Further examples, some of them in great detail, are discussed in K. Rohde (2005) Nonequilibrium Ecology, Cambridge University Press, Cambridge.
2. Causes of vacant niches
Vacant niches can have several causes.
One cause is radical disturbances in a habitat (biotop). For example, draughts or forest fires can destroy a flora and fauna partially or completely. However, in such cases species suitable for the habitat usually survive in the neighbourhood and colonize the vacated niches, leading to a relatively fast reestablishment of the original conditions.
Further causes of vacant niches are radical and long-lasting changes in the environment, such as ice ages.
Vacant niches can also be due to evolutionary contingencies: suitable species did not evolve for usually unknown reasons.
3. Demonstration of vacant niches
Vacant niches can best be demonstrated by comparing the spatial component of niches in simple habitats. For example, Lawton and collaborators compared the insect fauna of the bracken , Pteridium aquilinum, a widely distributed species, in different habitats and geographical regions and found vastly differing numbers of insect species. They concluded that many niches remain vacant (e.g., Lawton, J.H. (1984). Non-competitive populations, non-convergent communities, and vacant niches: the herbivores of bracken. In: Strong, D.R. Jr., Simberloff, D., Abele, L.G. and Thistle, A.B. eds. Ecological communities: conceptual issues and the evidence. Princeton University Press, Princeton, N.J., pp. 67-101.
Rohde and collaborators have shown that the number of ectoparasitic species on the gills of different species of marine fishes varies from 0 to about 30, even when fish of similar size and from similar habitats are compared. Assuming that the host species with the largest number of parasite species has the largest possible number of parasite species, only about 16% of all niches are occupied. However, the maximum may well be greater, since the possibility cannot be excluded that even on fish with a rich parasite fauna, more species could be accommodated (recent review in K. Rohde (2005) Nonequilibrium Ecology, Cambridge University Press, Cambridge.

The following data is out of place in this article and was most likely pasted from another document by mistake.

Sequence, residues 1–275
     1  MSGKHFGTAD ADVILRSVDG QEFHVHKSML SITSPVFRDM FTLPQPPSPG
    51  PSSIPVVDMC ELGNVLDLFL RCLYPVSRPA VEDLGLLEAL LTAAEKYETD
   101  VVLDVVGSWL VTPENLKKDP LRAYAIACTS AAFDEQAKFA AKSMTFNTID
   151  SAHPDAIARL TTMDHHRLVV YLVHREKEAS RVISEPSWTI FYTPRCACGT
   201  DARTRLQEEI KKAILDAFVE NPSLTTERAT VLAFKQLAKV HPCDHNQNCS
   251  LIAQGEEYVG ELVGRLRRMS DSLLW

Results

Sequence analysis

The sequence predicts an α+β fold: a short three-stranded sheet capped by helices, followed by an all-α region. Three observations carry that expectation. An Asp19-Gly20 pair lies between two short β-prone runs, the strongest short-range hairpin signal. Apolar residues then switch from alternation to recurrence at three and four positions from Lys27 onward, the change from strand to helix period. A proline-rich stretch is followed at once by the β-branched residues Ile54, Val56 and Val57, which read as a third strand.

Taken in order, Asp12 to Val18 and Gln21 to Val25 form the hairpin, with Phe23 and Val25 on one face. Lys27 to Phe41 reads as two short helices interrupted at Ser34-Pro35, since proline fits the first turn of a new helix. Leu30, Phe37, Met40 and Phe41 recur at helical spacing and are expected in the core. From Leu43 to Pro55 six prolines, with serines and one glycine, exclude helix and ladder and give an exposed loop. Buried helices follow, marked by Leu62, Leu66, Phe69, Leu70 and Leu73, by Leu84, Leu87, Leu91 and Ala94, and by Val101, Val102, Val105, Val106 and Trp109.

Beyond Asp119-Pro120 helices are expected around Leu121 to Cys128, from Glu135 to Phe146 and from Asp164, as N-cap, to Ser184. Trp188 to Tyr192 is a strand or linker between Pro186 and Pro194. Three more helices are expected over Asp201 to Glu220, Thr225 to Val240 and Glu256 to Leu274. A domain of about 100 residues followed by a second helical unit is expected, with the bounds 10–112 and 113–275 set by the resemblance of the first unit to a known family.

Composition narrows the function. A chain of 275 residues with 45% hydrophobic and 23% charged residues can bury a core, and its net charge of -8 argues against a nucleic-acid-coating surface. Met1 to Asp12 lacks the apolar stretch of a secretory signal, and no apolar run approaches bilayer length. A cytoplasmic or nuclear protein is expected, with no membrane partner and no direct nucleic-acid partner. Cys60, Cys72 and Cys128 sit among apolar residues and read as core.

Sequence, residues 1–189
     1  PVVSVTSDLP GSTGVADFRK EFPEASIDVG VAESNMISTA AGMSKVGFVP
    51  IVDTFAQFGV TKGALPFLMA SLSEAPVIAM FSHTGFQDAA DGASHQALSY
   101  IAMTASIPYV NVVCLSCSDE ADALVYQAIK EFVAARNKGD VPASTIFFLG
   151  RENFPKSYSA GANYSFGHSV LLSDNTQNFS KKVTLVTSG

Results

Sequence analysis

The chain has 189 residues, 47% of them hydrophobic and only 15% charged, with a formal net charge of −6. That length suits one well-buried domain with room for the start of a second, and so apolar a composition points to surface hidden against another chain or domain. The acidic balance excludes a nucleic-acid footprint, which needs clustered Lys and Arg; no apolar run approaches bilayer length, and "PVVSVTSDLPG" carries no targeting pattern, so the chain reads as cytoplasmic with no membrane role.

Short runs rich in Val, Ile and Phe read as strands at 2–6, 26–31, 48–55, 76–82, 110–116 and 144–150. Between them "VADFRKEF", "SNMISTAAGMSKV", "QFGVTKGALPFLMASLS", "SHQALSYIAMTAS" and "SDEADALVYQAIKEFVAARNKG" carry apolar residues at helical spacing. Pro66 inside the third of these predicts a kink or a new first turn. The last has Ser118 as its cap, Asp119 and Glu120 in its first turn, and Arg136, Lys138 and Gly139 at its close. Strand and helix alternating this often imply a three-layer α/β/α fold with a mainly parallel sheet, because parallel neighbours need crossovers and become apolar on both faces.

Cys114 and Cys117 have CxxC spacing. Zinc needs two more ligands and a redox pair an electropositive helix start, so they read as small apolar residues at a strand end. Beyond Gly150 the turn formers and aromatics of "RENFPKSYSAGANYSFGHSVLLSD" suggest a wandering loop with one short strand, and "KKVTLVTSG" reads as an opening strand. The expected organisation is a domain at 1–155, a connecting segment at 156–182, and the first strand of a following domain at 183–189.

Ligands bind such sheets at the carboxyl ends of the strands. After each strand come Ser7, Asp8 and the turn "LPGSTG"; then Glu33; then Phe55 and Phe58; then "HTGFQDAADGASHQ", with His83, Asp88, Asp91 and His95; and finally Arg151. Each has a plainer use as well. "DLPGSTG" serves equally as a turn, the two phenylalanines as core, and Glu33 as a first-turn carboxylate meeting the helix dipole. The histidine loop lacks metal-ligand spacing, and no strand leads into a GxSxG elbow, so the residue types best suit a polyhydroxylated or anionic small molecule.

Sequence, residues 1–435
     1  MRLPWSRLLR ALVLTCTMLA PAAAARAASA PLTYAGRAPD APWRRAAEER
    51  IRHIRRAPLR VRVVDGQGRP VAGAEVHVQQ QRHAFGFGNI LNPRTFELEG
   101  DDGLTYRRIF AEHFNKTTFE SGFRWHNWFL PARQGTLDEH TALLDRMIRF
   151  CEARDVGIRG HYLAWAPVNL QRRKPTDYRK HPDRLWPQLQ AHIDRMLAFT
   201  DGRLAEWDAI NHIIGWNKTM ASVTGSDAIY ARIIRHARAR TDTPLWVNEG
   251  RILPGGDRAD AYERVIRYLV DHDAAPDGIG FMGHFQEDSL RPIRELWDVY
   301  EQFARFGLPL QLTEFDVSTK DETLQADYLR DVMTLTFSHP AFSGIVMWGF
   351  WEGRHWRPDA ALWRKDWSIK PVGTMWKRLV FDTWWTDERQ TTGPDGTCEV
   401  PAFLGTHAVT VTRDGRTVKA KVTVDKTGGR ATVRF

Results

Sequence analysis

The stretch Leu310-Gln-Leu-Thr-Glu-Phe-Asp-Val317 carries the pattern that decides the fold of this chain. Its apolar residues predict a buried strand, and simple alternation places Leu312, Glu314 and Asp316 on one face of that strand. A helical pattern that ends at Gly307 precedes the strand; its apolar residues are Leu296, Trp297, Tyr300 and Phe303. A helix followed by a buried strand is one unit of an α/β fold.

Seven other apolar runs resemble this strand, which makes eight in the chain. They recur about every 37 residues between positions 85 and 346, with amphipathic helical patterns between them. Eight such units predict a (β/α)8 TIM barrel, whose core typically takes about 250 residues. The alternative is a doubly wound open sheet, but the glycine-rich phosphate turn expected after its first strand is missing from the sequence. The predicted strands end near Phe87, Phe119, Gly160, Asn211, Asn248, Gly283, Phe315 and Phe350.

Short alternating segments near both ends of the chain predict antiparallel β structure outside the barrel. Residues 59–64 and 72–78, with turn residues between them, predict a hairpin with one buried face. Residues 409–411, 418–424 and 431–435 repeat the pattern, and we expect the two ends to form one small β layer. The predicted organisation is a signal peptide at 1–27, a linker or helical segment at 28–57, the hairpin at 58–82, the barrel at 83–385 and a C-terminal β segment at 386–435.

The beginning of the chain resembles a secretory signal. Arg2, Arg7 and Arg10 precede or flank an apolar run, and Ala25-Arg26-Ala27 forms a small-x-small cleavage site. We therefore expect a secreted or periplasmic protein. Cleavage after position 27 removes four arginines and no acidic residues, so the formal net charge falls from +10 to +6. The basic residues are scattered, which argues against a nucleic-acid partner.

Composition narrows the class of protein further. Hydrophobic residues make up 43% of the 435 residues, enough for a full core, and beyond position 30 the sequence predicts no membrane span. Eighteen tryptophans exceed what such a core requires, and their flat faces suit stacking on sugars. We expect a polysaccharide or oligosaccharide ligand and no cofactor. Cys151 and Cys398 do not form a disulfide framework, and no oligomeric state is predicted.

Using a similar way of reasoning, Walker, T.D. und Valentine, J.W. (1984). Equilibrium models of evolutionary diversity and the number of empty niches. American Naturalist 124, 887-899. estimated that 12-54% of niches for marine invertebrates are empty.
The ground breaking theoretical investigations of Kauffman, S.A. (1993). The origins of order. Self-organization and selection in evolution. Oxford University Press, New York Oxford and Wolfram, S. (2002). A new kind of science. Wolfram Media Inc. Champaign, Il. also suggest the existence of a vast number of vacant niches. Using different approaches, both have shown that species rarely if ever reach global adaptive optima. Rather, they get trapped in local optima from which they cannot escape, i.e., they are not perfectly adapted. As the number of potential local optima is almost infinite, the niche space is largely unsaturated and species have little opportunity for interspecific competition.